Its the beginning of August and there’s an abundance of delicious summer fruit available to us; strawberries and red currants are both at they’re peak although we’ll need to wait a couple more weeks for the best of the British raspberries. At the tea room we’ve taken full advantage of the fruits on offer with some delicious dishes such as summer pudding, baked cheesecake and raspberry and thyme custard tarts.
If there’s one native summer fruit that’s fallen from favour in recent years it’s the gooseberry. This much overlooked fruit was very popular in the early 1900’s but in the last hundred years demand for the humble gooseberry has greatly fallen. Compared to its more glamorous cousins the gooseberry has a rather dowdy and frumpy reputation; the baggy cardigan of the soft fruit world if you like. However I beg to differ, its both more versatile than the strawberry and far more flavoursome than the blueberry, the full flavour and sharp tang means the gooseberry has much to offer.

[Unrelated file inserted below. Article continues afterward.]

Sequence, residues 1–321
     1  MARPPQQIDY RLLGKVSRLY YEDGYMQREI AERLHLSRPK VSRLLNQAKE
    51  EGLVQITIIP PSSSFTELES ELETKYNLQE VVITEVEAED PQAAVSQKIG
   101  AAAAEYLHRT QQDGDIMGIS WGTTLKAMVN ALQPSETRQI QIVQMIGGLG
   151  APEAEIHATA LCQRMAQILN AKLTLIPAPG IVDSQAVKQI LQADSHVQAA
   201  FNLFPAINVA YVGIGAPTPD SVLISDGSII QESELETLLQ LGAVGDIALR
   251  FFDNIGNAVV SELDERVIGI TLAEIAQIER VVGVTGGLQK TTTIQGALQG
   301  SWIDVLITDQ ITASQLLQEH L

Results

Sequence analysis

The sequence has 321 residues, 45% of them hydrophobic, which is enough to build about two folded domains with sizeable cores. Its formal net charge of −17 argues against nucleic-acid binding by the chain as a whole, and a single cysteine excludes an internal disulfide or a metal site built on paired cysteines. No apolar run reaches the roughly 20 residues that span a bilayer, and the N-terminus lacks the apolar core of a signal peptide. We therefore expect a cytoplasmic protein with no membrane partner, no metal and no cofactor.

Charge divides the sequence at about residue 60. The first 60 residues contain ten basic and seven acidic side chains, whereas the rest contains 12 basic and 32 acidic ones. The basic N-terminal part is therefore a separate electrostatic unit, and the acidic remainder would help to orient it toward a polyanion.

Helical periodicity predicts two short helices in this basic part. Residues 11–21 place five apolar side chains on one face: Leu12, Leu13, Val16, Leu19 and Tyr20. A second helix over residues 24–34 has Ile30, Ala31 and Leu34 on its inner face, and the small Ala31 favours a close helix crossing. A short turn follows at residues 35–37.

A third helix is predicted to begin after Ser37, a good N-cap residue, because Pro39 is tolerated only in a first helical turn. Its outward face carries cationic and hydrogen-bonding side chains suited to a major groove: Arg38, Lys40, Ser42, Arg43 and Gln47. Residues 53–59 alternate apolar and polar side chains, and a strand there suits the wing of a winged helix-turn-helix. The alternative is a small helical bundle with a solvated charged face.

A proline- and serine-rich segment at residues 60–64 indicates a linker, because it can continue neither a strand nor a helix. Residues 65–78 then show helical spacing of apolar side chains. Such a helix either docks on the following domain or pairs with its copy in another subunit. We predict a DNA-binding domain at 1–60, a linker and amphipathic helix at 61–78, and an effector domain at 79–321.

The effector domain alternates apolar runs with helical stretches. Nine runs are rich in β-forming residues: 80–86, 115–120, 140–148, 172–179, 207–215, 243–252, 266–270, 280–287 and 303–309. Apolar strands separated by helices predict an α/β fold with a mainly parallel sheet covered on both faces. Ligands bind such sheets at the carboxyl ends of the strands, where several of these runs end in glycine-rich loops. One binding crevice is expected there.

Gooseberries are delicious cooked alongside savoury dishes particularly oily fish such as mackerel or salmon and they also make excellent jams and chutney. However when a box landed in the kitchen earlier in the week they were only ever destined for dessert. After toying with the idea of either a crumble and a gooseberry meringue tart after a chat with May I finally settled on creating a lemon and lime syllabub with a gooseberry compote. Syllabub, an old English dessert, is simply a mix of lightly whipped sweetened cream and alcohol and its absolutely perfect to top a sharp fruit compote. If gooseberries aren’t your favourite you could make the compote with apricots or rhubarb and replace the lime and lemon juice with orange and the wine with mead. Later in the year for an autumnal twist apples and blackberries would be delicious teamed with a cider syllabub.
4 tbsp caster sugar.
Zest of 1 lime or a tsp of elderflower cordial.
284ml whipping cream
50g caster sugar
50ml white wine
Zest and juice from half a lemon and lime.
Place the gooseberries into a saucepan with the sugar and the zest or cordial and cook over a low heat until the fruit has softened and the sugar has melted. Stir gently and continue to cook for around 10 minutes. Remove from the heat and leave to cool. Once cooled put into the fridge and leave for at least 2 hours but preferably overnight.
Whip the cream and sugar until it reaches soft peaks then fold through the wine, zest and juice.
Alternately layer the compote and the syllabub into glasses and place into the fridge for around an hour to set. Garnish with lime slices and mint leaves.